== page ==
If Social Enterprise is the future: why does it need to change?
The benefit of a Social Enterprise culture and the development of that to deliver services is a growing focus of government in the UK. As such the increasing number of practitioners of social enterprise would seem to have 'got it right'. However, as with all things, and as Heraclitus pointed out over 2500 years ago, 'the only constant in life is change'.
Recent economic history has been an object lesson in radical and, in many quarters, unexpected change: funding streams have dried up and finance has become a rare commodity.
Charities and voluntary organisations are having to adjust to the reality of operating in a more 'business like' manner. Research, published through the RAKE Fund, found that charities, voluntary organisations and small businesses seeking to transition to a Social Enterprise model face two key barriers:
A lack of the business skills, capacity and resources needed to establish and maintain an enterprise approach.
A lack of the ability to manage the change faced by their organisations in moving from a grant funded culture to one of earned income.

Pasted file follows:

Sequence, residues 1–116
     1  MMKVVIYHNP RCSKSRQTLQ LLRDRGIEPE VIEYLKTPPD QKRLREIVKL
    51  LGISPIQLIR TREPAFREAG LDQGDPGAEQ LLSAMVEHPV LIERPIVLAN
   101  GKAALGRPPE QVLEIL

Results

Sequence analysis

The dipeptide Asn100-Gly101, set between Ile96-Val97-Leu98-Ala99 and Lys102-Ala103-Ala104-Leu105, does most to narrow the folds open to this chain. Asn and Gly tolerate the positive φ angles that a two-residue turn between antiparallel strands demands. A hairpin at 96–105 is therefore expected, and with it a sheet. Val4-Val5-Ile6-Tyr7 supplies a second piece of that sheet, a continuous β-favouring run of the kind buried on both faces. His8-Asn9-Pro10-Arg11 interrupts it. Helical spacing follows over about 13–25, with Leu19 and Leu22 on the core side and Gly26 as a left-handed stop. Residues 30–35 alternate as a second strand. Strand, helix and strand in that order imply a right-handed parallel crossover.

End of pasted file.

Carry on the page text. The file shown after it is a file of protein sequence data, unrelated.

In addition the increasing demand for their services under reduced funding conditions makes the costs of know-how in business management and cultural change out of their reach both financially and in resource time.
Whilst Social Enterprise may be moving, for the time being at least, to more favourable operating conditions with wider opportunities from the Social Act and tax concessions from the Social Investment Tax Relief, they still face an ever changing environment. Survival in such an environment requires ongoing change management that maintains a successful forward momentum, embraces change as it emerges and has strategies in place to deal with it. A change management process that:
creates a clear understanding of the present organisation: how its operates, where its current and potential future revenue streams lie and challenges being faced
determines the desired future state for revenue generation, process development, structure and relationships
defines a strategic plan and set of actions to transform the organisation and maintain future success in its ever changing environment.
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